“With the right economics, with the right structure and cadence of events across territories, 24 or 25 is probably where we’d like to be from a longer-term standpoint,” Bratches said.

Big changes are not likely to happen until the 2020 season ends. This is when many current rules and contracts expire as F1’s new owners try to redistribute some income to allow smaller teams to compete.

“There’s more interest than we have capacity in the schedule,” Bratches said, firing off Berlin, Paris or London as potentially attractive venues. “We want to be very selective.”

“Those cites from an economic impact standpoint would find us value, as do others around the world,” Bratches added. “It’s very important for us as we move forward to go to locations that are a credit to the Formula One brand.”

An expanded schedule would have to be approved by the teams, which will be stretched by the travel and the wear-and-tear on their crews. The burden will fall on the smaller teams, which have significantly smaller revenue compared with Ferrari, Mercedes or Red Bull.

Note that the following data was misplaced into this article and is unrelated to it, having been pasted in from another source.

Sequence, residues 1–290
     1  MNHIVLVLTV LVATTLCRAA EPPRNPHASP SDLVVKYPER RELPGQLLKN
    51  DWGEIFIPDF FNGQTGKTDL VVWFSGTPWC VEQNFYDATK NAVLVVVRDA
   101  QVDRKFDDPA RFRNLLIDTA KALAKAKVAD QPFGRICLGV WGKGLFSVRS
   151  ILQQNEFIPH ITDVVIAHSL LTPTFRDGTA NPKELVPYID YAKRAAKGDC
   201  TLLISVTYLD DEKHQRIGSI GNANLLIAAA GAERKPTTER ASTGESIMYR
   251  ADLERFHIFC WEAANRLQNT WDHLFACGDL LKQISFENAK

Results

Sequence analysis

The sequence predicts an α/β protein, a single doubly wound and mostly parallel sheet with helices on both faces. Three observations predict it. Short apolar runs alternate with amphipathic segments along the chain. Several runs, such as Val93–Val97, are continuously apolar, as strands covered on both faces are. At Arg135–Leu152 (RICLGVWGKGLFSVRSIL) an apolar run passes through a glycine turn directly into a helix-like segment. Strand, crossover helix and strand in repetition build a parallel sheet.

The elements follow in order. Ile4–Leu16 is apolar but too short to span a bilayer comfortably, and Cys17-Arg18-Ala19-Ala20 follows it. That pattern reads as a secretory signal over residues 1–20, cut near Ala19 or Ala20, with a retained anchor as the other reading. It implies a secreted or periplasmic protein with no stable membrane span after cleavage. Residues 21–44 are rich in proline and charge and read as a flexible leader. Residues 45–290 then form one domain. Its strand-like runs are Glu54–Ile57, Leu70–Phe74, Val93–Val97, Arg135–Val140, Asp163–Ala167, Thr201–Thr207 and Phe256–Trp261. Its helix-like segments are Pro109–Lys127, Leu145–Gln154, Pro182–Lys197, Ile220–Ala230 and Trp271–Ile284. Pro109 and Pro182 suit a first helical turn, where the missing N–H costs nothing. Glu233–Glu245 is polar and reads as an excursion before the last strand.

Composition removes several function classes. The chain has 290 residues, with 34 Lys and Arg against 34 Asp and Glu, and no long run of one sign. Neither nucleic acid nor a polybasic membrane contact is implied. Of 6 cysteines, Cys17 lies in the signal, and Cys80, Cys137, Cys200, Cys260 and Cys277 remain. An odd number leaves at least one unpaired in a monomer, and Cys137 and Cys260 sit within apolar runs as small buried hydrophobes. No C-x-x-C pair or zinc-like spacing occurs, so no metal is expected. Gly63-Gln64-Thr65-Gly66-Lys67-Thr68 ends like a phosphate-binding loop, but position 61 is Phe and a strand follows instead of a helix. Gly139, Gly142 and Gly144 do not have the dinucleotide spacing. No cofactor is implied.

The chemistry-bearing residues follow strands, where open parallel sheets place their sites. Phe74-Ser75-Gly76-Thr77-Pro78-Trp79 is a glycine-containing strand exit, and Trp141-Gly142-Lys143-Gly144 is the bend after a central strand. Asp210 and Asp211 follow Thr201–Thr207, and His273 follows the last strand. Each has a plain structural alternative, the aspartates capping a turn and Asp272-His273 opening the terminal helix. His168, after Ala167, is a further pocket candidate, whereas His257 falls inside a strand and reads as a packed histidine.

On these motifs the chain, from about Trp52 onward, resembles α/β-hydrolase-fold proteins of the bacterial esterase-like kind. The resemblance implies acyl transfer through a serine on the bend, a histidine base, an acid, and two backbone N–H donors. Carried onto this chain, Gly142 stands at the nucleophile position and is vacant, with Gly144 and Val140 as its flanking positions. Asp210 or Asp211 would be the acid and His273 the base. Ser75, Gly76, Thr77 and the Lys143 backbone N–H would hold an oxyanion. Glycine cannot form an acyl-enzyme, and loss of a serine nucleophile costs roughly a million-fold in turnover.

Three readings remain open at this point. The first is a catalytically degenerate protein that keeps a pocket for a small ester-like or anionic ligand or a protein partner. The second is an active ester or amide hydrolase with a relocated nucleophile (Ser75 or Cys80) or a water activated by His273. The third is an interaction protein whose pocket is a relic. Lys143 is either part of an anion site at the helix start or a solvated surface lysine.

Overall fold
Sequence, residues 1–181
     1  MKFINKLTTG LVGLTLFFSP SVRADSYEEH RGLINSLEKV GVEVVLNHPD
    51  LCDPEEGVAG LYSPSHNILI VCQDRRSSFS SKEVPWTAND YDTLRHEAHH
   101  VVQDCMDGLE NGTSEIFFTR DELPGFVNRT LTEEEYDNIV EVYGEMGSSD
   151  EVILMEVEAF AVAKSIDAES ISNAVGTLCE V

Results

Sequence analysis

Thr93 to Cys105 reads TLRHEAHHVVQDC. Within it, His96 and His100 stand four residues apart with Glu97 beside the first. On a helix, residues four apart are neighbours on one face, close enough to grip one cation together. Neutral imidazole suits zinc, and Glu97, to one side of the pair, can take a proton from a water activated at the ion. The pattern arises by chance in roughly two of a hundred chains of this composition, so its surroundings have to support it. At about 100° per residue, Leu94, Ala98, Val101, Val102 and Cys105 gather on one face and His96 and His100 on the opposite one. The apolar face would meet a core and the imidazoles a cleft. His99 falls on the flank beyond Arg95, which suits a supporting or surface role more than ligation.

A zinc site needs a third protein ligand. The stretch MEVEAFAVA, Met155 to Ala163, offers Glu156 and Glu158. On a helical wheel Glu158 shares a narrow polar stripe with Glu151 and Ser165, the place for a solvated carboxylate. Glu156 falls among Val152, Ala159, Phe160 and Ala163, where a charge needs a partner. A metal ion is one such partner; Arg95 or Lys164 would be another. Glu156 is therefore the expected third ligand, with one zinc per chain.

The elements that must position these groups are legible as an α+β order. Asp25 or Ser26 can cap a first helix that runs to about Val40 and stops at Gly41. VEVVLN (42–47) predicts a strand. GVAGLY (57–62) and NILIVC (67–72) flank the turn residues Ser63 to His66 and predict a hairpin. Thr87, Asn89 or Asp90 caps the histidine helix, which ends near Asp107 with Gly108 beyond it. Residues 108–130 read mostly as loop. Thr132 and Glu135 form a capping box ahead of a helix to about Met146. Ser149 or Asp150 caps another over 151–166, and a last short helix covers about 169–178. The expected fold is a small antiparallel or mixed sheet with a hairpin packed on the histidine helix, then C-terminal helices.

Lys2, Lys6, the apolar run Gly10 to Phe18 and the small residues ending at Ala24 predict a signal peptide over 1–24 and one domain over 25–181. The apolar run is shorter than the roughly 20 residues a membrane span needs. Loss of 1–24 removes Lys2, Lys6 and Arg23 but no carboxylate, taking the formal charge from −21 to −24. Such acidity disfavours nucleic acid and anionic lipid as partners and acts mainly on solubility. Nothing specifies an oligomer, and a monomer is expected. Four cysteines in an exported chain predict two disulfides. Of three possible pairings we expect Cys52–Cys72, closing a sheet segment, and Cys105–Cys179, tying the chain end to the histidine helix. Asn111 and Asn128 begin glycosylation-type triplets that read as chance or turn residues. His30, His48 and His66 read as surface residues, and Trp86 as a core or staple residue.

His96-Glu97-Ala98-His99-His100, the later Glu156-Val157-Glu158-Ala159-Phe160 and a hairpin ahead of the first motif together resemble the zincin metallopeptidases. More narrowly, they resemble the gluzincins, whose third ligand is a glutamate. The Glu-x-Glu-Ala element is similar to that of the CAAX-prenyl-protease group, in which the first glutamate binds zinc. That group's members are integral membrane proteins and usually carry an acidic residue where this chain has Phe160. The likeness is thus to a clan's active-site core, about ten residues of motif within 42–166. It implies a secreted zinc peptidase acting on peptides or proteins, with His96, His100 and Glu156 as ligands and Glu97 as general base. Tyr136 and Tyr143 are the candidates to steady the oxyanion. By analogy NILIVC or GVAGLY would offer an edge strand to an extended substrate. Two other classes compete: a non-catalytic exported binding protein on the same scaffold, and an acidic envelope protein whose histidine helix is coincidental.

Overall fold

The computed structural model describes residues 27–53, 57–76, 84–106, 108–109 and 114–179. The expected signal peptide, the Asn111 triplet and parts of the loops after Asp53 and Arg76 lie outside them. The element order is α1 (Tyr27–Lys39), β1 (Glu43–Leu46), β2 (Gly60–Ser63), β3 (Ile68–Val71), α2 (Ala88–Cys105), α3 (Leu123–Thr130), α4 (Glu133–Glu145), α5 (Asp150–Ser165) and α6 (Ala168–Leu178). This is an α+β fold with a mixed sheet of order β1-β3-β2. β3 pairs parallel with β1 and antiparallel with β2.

Bratches also envisions another race in the U.S., joining the United States Grand Prix held annually in Austin, Texas. A street race in Miami is a strong candidate, as are possible venues like Las Vegas or New York.

“We see the United States and China as countries that could support two races,” he said.

Liberty Media has reported Formula One’s total annual revenue at $1.8 billion, generated by fees paid by promoters, broadcast rights, advertising and sponsorship. Race promotion fees also tend to be higher in Asia, which makes the area attractive – along with a largely untapped fan base.

In a four-year cycle, F1 generates more revenue than FIFA or the International Olympic Committee, which rely almost entirely on one-time showcase events.

Reports suggest Vietnamese promoters may pay between $50-60 million annually as a race fee, with those fees paid by the government. Bratches said 19 of 21 Formula One races are supported by government payments.

“The race promotion fee being derived from the government … is a model that has worked historically,” Bratches said.